Nov 12, 2020
As the global Coronavirus pandemic enters its ninth month, few U.S. business segments have escaped its impacts. While some industries have been nearly decimated by COVID-19 restrictions, other channels have actually undergone significant growth, most notably the online shopping vertical.
Retailers are spending billions to build the infrastructure to deliver items to consumers faster– don’t miss out on a piece of that pie.
When COVID-19 initially sent millions of Americans into quarantine during the second half of March 2020, consumers' apprehensions about visiting grocery stores prompted Instacart app downloads to grow by more than 200 percent. Meanwhile, online grocery sales have continued to soar during the outbreak, with some 45.6 million households relying on online pickup and delivery services for a larger portion of their grocery needs – a trend that led to a record $7.2 billion in U.S. sales in June. Similarly, Amazon registered its most profitable quarter ever in the three months that ended Sept. 30, reporting an increase of 39.3% year over year in North American revenue as a result of the online shopping surge.
Having accelerated a shift toward a more digital world and triggering changes in online shopping behaviors, the pandemic is expected to have lasting effects on eCommerce. The huge increase in automated deliveries is creating new opportunities for power protection sales, as well. With retailers spending billions to deliver online orders at faster speeds, a new trend has emerged: micro distribution hubs. Designed to shorten the physical distance between consumers and the goods they purchase online – reducing the carbon footprint of deliveries – these new locations must be connected to a central system, which in turn requires the proper power protection to ensure availability and uptime.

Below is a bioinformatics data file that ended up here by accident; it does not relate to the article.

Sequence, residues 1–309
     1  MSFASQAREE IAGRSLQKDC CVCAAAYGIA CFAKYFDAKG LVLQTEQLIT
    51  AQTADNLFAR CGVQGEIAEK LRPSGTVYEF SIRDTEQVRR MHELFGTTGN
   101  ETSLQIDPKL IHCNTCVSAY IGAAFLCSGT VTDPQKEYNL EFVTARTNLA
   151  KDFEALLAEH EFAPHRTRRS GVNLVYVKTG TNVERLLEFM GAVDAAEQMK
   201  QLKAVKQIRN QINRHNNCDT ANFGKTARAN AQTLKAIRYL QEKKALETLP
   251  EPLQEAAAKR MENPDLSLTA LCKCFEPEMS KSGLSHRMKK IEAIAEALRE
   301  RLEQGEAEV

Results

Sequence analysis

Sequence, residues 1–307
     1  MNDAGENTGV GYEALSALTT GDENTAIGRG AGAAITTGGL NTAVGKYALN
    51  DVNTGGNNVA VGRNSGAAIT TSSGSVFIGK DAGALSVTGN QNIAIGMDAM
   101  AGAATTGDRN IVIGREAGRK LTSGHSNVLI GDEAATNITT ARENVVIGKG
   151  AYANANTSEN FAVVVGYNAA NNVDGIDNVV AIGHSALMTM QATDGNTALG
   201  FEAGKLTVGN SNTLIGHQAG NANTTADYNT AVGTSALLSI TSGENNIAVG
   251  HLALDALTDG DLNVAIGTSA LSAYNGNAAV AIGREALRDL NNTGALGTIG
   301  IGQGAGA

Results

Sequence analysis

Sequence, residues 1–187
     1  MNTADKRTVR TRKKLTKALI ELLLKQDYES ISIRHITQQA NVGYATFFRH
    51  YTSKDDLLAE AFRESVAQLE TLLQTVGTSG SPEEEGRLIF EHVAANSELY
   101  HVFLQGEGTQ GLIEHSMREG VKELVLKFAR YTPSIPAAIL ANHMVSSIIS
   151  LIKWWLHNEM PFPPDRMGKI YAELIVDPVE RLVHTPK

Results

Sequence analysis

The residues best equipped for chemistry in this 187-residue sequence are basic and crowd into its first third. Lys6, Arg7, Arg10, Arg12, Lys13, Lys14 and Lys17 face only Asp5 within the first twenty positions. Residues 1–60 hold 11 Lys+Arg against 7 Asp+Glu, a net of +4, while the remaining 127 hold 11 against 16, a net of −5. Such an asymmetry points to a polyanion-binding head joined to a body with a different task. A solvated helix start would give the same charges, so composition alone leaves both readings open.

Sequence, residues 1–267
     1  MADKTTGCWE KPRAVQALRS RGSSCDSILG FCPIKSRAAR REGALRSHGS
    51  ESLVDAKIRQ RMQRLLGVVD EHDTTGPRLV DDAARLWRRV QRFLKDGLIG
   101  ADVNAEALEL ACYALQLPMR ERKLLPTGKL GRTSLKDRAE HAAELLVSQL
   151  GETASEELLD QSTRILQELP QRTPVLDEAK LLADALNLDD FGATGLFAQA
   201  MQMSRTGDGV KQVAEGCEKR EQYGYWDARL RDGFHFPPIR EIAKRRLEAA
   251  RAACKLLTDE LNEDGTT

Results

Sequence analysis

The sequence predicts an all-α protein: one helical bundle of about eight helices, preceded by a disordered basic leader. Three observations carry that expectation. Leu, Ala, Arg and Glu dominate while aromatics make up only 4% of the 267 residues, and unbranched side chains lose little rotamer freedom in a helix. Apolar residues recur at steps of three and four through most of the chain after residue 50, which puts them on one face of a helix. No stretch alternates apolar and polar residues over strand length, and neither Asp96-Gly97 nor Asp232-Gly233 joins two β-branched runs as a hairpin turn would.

As a growing number of companies roll out hundreds of new micro warehouse locations closer to end users, they must deploy a dedicated, high-quality IT infrastructure in order to be efficient and manage high-speed delivery demands. We have already seen Eaton channel partners capitalize on this new market opportunity. In one instance, the Eaton 5P UPS, RS Enclosure and IPM software are being installed in hundreds of locations across the country over the next 12 months by a food and essentials delivery company whose business is booming. The organization’s smaller, single-server sites are incorporating the 1500 VA model, while its larger warehouse locations are deploying the 3kVA unit. One of the key aspects to the sale was the ability to leverage our IPM software to automate the response to power-related events in the larger sites.
In a second deal, an eCommerce company recently purchased Eaton products for its worldwide distribution warehouses, with plans to add many more next year. In addition to the 9PX 6kVA rack units and PDUs purchased for the company’s more complex networks, the need to safeguard critical systems against ever-growing cyber threats proved to be an essential aspect to the win, with the dual standard UL/IEC-certified cybersecurity Eaton Gigabit Network Card a key differentiator.
While in the past, IT deployments were rarely needed in warehouse locations, the introduction of these micro distribution hubs has spawned a new application that is operating 24/7 with demands for zero downtime or interruption. As an Eaton reseller, you are uniquely positioned to help eCommerce entities to quickly and efficiently deploy power protection to hundreds of locations – coupled with the software and cybersecurity they need to manage and safeguard systems. Retailers are spending billions to build the infrastructure to deliver items to consumers faster – don’t miss out on a piece of that pie.